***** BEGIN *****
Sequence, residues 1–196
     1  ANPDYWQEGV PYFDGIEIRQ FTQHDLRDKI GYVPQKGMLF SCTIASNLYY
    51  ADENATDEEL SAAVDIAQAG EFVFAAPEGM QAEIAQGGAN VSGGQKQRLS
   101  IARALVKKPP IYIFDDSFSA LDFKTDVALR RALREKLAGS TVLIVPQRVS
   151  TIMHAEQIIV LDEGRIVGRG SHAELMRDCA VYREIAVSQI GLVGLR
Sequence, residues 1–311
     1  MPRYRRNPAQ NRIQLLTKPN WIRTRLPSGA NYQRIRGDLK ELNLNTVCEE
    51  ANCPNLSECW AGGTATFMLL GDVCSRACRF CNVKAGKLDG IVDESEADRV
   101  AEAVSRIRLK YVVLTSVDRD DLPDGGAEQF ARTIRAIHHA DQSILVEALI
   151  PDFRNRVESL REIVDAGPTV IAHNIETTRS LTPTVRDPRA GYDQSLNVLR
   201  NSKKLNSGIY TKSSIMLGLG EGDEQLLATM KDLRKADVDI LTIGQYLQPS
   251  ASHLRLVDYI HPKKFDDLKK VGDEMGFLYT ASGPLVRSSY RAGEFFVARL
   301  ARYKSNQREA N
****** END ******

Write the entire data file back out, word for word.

Sequence, residues 1–196
     1  ANPDYWQEGV PYFDGIEIRQ FTQHDLRDKI GYVPQKGMLF SCTIASNLYY
    51  ADENATDEEL SAAVDIAQAG EFVFAAPEGM QAEIAQGGAN VSGGQKQRLS
   101  IARALVKKPP IYIFDDSFSA LDFKTDVALR RALREKLAGS TVLIVPQRVS
   151  TIMHAEQIIV LDEGRIVGRG SHAELMRDCA VYREIAVSQI GLVGLR
Sequence, residues 1–311
     1  MPRYRRNPAQ NRIQLLTKPN WIRTRLPSGA NYQRIRGDLK ELNLNTVCEE
    51  ANCPNLSECW AGGTATFMLL GDVCSRACRF CNVKAGKLDG IVDESEADRV
   101  AEAVSRIRLK YVVLTSVDRD DLPDGGAEQF ARTIRAIHHA DQSILVEALI
   151  PDFRNRVESL REIVDAGPTV IAHNIETTRS LTPTVRDPRA GYDQSLNVLR
   201  NSKKLNSGIY TKSSIMLGLG EGDEQLLATM KDLRKADVDI LTIGQYLQPS
   251  ASHLRLVDYI HPKKFDDLKK VGDEMGFLYT ASGPLVRSSY RAGEFFVARL
   301  ARYKSNQREA N